Iran is hoping to secure more overseas investment after a consortium led by France’s Total on Tuesday signed a $4.8bn deal to develop part of the giant South Pars gasfield — the first major energy agreement since the country’s landmark nuclear accord.
“This is an icebreaker and we shall see more multibillion-dollar oil and gas contracts with other companies including Russians and Europeans soon,” Amir-Hossein Zamaninia, Iran’s deputy oil minister for international affairs told the Financial Times.
“The next agreement might be in a few weeks,” he added, without giving further details.
Iran has the world’s second-largest gas reserves and fourth-largest oil reserves, according to the US Energy Information Administration, but needs $200bn of investment to revive its antiquated energy sector over the next five years.
Total will be joined by China’s CNPC and Iran’s Petropars to develop Phase 11 of South Pars, the world’s largest gasfield that is shared between Iran and Qatar.
The three companies are expected to invest $4.8bn in Phase 11. On Tuesday the companies signed a provisional agreement in Tehran with the National Iranian Oil Company, the state-controlled energy group.
The final contract, expected to be inked within months, is due to last for 20 years.
The agreement is a big victory for Hassan Rouhani, Iran’s centrist president, who has been questioned by critics at home about the limited economic dividends so far from last year’s agreement with major powers to curb Tehran’s nuclear programme.
Some international sanctions have been lifted, but the continuation of US measures against Iran’s missile programme has made overseas companies, including banks, wary of working with Tehran.
Patrick Pouyanné, chief executive of Total, said the company’s Iranian investment would be done without bank financing and would be “internationally compliant”. The commercial terms were “attractive”, he added.
CNPC could not be reached for comment.
For Iranian oil officials, history has repeated itself. Total defied US sanctions in 1997 when it signed a $2bn contract with Iran to develop another part of South Pars.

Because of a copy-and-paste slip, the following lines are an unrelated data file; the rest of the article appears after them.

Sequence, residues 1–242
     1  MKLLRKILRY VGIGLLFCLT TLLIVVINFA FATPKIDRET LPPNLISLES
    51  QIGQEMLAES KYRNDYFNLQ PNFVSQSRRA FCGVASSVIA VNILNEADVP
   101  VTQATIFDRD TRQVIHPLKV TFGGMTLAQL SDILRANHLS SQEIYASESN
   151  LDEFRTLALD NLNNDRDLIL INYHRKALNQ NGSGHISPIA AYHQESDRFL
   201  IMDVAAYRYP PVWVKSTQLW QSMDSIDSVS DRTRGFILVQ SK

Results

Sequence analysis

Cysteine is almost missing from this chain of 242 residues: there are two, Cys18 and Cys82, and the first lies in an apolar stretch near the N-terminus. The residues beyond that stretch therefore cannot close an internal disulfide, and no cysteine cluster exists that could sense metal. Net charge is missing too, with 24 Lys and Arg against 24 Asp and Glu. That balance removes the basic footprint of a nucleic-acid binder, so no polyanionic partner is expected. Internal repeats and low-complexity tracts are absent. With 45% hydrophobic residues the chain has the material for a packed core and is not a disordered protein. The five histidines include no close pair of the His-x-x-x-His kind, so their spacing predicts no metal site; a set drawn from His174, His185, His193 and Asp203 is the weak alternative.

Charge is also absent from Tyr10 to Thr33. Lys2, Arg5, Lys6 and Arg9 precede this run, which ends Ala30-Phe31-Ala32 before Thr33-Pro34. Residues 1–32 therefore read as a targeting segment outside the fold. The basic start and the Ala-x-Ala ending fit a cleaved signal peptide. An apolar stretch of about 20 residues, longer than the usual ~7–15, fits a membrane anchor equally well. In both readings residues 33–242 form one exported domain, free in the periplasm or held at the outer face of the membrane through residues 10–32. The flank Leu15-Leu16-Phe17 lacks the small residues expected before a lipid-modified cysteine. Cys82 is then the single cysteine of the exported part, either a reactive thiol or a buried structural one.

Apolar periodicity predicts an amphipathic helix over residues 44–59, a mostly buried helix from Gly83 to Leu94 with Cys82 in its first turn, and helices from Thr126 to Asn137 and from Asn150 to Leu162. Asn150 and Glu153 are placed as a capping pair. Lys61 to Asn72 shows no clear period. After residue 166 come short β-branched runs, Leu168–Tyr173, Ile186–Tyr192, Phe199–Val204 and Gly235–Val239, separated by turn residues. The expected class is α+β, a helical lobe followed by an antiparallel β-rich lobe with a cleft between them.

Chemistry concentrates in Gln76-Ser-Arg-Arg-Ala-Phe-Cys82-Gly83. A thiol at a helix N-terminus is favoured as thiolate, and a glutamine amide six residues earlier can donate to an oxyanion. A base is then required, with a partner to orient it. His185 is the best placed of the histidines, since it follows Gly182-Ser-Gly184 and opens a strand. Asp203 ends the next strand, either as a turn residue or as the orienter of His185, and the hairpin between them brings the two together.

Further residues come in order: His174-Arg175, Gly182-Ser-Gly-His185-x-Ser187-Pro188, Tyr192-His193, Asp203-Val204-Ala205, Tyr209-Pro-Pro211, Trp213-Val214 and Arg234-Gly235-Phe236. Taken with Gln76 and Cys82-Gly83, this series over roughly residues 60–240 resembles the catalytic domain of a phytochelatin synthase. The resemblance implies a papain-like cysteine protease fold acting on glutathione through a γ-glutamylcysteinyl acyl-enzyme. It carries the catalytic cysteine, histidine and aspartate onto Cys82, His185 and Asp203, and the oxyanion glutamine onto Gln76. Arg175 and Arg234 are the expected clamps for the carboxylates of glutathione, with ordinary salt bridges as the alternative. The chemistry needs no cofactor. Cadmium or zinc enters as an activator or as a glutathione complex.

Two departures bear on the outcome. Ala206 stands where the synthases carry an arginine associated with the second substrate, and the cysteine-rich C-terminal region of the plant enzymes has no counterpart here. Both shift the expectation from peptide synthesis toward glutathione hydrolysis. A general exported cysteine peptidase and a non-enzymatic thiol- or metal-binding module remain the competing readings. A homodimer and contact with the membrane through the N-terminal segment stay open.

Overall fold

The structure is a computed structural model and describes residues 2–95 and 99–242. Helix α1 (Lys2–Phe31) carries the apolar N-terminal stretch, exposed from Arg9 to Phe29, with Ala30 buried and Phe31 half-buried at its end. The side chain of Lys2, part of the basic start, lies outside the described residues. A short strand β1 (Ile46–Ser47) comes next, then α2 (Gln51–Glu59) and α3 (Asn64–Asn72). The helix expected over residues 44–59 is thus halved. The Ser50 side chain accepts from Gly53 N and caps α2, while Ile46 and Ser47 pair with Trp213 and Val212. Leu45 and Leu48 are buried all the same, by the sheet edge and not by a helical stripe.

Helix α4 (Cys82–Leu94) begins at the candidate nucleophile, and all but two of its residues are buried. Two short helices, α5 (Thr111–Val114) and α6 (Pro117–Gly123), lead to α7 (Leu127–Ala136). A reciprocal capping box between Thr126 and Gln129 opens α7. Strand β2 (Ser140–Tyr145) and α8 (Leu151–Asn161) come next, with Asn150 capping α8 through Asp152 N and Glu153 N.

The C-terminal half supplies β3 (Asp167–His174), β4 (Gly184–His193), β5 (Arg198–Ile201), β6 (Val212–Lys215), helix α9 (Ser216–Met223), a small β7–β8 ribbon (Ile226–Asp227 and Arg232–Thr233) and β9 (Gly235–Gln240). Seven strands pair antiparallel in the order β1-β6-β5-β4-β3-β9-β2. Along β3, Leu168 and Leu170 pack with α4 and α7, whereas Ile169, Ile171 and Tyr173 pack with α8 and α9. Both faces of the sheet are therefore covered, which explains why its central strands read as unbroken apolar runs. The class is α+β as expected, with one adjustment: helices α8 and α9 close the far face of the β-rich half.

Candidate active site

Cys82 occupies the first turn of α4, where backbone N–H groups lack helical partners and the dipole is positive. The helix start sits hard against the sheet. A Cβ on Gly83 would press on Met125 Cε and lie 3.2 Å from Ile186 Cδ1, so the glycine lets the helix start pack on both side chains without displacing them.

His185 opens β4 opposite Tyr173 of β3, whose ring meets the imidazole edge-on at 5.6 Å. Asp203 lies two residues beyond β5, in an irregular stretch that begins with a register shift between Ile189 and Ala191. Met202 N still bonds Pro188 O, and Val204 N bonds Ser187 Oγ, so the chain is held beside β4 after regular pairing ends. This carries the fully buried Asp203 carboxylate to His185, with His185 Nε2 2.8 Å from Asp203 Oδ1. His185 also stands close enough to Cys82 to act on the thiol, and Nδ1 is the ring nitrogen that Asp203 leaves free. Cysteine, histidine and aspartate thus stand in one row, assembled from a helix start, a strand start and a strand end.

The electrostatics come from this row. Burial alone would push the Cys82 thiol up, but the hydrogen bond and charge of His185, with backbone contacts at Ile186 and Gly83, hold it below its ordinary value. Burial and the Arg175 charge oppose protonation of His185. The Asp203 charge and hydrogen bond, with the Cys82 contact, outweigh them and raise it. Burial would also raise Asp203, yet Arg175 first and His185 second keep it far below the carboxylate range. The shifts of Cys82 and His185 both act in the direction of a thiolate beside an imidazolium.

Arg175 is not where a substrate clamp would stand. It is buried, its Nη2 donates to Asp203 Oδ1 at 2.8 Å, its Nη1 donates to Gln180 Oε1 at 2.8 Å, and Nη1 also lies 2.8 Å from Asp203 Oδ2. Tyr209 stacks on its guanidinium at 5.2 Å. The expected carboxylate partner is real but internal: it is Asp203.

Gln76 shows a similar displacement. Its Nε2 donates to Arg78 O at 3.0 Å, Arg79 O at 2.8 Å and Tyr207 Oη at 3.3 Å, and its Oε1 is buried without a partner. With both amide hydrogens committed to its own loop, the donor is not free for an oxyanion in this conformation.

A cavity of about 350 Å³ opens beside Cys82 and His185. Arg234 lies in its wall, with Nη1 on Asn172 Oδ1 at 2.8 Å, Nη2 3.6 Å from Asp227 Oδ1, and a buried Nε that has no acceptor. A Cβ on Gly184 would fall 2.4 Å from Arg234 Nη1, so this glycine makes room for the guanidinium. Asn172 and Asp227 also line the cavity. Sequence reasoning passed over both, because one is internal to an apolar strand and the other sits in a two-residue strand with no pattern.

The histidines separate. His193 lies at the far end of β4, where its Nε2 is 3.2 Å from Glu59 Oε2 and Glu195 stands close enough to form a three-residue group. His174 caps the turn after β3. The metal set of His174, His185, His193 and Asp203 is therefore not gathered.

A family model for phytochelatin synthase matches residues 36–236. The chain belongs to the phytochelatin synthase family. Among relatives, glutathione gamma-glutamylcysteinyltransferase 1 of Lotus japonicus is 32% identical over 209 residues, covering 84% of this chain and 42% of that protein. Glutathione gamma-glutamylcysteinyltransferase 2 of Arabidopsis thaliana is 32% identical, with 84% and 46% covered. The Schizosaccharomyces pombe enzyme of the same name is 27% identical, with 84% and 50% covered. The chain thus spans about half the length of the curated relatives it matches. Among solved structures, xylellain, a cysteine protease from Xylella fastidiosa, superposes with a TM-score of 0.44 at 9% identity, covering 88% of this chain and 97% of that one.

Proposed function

This paved the way for companies including Royal Dutch Shell, Italy’s Eni and Norway’s Statoil to follow suit.
Bijan Namdar Zanganeh, Iran’s oil minister, said at the signing ceremony that he was “thankful to Total for always being a pioneer and coming back to Iran at a difficult time again”.
He added: “I hope this will allay concerns of other companies so that they can enter Iran’s market quickly.”
Some Iranian companies, notably those affiliated to the elite Revolutionary Guards, insist they are capable of developing oil and gasfields with domestic money and expertise.
But the Iranian oil ministry, according to some officials, has been fighting hard to push the guards’ affiliated companies away from big projects including South Pars.
Mr Zanganeh lashed out at those who insist Iran has enough money and expertise to develop the oil and gas sectors. “Which money?” he asked. “There is no money.”
Islamic republic needs investment, but companies want clarity on contract terms
The contract with the Total-led consortium will be consistent with the contentious Iran Petroleum Contract, which serves as a blueprint for deals with overseas energy companies but has sparked a huge row in Iran.
Hardliners believe it is offering overly generous terms to overseas energy companies that can exploit Iran’s natural resources.
Phase 11 of South Pars is estimated to hold 21tn cubic feet of gas, and should produce 2bn cubic feet a day at peak production.
Production is due to begin 40 months after the contract is signed, with Total taking a 50.01 per cent stake in the project, CNPC on 30 per cent and the remainder held by Petropars.
Other European energy companies have expressed an interest in returning to Iran.
However, Shell and BP are being cautious. People familiar with the companies’ thinking said there were two main obstacles to investment in Iran, where both groups have opened offices this year.
The first is the continued existence of US sanctions against Tehran, which requires any business to be done without touching the US banking system. The second is that Iran faces competition from a range of other investment options for the scarce capital being deployed by companies under pressure from weak oil prices.
Industry insiders cited Total’s lack of a significant presence in the US as a factor that made it easier for the French group to blaze a trail back into Iran. US majors and European groups with big US operations, including BP and Shell, would be more cautious because of the continued US sanctions, added the insiders.
The Financial Times